It might also help to expand the definition of “shahid” to one that includes a more messy (but not less accurate) term like “victim of a wrongful death”, or “victim of an unnecessary death”. Arabic linguists, what do you think? Would that be stretching the word’s definition too far?


7 Responses to “victims and martyrs”

  1. M. said

    Hi my new BFF 😉

    Just want to say I loved this post.


  2. ST said

    Hi Diamond,

    Like M, i loved this post.

    And i also agreed with you completely. I have often found myself explaining to non-Arab speakers with an interest in the Middle East that the word shahid encompasses a much wider range of deaths than those for the sake of religion. In general, we primarily use the word for anyone who died for a cause, religious or otherwise (freedom of speech is the most prominent example, hence the Martyr’s day we used to celebrate on May 6th). But nonetheless, it is not at all uncommon to extend the word to some unfortunate deaths, especially if the deceased was young, and died tragically.

    For murders, however, people (and the press especially) often refer to the victim as the “maghdour” – the deceived. :S

  3. Moose said

    The Inuit have more than 150 words for “snow” as it is a major part of their lives…
    How many words exist in Phoenicia to describe “death”?

  4. Haiseb said

    An unnecessary death…
    It is rare to see such point of view in the Wild-wild-west.
    Being driven by the lack of understanding and moved by the fear of Islam and Arabs in general, You will find people who will tell you that poor passengers of Titanic were the real attackers of NY.
    By the way the people who you have metioned were Christian and not Muslims.
    The using on word SHAHEED is applied to any type of death which comes accedently and unnecessary.
    There is anther word worth mentionung here ALLAH which used by Mideleastern Christian.
    Thanks for your insight view.

  5. Hi M and welcome back salaf to the US, with pinky swears and our secret handshake, of course! And ST, a big big hug to you! Thank you both for your comments.

    And ST, thank you very much for mentioning “maghdour”. I’ve seen it, but hadn’t really thought of how it relates to this post. In English, as you know, we just say “murder victim” – certainly an accurate description, but one that misses the pain that the victim’s family must be feeling.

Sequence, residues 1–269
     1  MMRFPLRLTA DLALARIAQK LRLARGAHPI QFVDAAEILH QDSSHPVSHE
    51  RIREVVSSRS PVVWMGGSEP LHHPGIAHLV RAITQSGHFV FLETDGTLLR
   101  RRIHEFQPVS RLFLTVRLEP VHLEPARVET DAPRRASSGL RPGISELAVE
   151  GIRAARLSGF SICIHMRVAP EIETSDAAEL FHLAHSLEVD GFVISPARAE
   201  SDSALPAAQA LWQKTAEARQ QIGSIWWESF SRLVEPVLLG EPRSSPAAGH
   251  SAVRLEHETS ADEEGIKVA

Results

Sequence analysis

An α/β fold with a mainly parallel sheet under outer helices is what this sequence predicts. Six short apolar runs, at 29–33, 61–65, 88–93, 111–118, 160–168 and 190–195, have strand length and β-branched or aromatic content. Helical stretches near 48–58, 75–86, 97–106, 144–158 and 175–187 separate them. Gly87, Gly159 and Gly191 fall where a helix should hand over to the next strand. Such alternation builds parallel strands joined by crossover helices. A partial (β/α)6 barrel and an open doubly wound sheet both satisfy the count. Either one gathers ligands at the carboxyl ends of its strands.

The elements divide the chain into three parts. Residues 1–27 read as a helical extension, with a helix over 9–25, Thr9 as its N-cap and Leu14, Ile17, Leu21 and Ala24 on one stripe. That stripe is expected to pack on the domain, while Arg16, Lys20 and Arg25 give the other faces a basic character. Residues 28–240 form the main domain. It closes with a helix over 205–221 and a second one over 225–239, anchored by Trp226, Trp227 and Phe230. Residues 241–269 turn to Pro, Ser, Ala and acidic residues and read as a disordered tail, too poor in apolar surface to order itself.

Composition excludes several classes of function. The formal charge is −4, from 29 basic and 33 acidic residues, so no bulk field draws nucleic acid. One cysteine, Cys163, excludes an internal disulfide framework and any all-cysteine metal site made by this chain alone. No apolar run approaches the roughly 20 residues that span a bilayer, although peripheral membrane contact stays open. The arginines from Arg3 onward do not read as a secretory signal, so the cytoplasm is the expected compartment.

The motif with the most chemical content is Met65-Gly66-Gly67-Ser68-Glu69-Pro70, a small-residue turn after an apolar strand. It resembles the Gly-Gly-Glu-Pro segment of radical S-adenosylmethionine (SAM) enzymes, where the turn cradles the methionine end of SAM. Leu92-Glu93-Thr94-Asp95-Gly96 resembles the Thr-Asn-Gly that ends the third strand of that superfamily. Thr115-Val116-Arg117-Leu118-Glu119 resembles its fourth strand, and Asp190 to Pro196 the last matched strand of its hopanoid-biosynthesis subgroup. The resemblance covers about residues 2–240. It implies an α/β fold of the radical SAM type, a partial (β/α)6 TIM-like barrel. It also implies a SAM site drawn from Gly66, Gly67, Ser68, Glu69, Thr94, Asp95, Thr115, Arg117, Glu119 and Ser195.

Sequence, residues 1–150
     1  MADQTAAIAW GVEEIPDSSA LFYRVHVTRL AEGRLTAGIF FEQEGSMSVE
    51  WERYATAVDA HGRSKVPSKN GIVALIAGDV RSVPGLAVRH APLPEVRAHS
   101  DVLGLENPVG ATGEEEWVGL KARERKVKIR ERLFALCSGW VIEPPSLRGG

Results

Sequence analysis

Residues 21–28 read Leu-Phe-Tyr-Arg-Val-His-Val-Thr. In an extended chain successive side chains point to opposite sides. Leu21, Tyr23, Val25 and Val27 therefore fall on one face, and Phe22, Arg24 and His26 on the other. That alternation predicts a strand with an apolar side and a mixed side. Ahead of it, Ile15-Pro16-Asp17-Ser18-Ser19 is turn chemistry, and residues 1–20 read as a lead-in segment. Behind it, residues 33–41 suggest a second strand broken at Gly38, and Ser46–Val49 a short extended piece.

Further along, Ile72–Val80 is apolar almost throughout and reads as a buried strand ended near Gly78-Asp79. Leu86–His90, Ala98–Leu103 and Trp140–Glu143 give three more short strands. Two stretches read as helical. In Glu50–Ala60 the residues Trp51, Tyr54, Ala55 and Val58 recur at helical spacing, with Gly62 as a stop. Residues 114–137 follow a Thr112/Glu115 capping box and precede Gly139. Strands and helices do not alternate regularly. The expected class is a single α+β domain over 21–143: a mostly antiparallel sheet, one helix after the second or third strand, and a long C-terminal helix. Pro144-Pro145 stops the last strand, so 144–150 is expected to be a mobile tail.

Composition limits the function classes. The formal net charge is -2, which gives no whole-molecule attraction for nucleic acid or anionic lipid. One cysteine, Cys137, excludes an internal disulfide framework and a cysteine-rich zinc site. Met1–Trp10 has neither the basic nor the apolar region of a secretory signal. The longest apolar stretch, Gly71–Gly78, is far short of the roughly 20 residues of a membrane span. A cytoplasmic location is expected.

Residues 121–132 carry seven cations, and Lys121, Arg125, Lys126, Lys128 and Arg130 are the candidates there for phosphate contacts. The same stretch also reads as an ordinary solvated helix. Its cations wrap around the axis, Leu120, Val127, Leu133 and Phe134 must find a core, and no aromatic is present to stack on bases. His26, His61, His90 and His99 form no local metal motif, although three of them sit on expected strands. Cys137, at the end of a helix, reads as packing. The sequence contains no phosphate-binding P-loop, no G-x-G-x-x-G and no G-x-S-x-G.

Moose, too funny! My mother and aunts are from Alaska, and we have all heard the urban legend that “Eskimos have 30 words for snow”. I see that the numbers have grown – must be some real word coiners up in the Yukon!

    I can’t comment on the Phoenician language, but Latin, which is what most of the later Phoenicians probably spoke, doesn’t seem to have many more words for death than we do today. Looking at Arabic, though, I do realize how in English at least we try to minimize death. Using specific terms for different types of innocent deaths probably brings comfort to grieving families.

    Haiseb, welcome to my blog! I haven’t heard anything about immigrants from the Titanic attacking New York, but you are certainly right that from 1913 on the immigration laws of the US became much more restrictive. It was a real nativist era, and a racist one. Luckily the 1965 law opened things up for non-European immigrants – and our country is the richer for it.

    And you are quite right that Mr. Nasr Allah was Christian, although there were many Muslim Syrian/Lebanese immigrants on board the Titanic as well. Although people in the West today probably think of “shahid” as a religion-specific term, it isn’t – and I’m glad you pointed this out.

  6. […] although thanks to ST’s helpful distinction (which you can find in the comments to my post on the meaning of “shahid”), I would say that they are both more accurately described as “maghdour” – deceived. […]

  7. […] mentioned before that the ship carried a number of Ottoman Syrians, many of whom would today be described as Lebanese. For American and European upper classes, the […]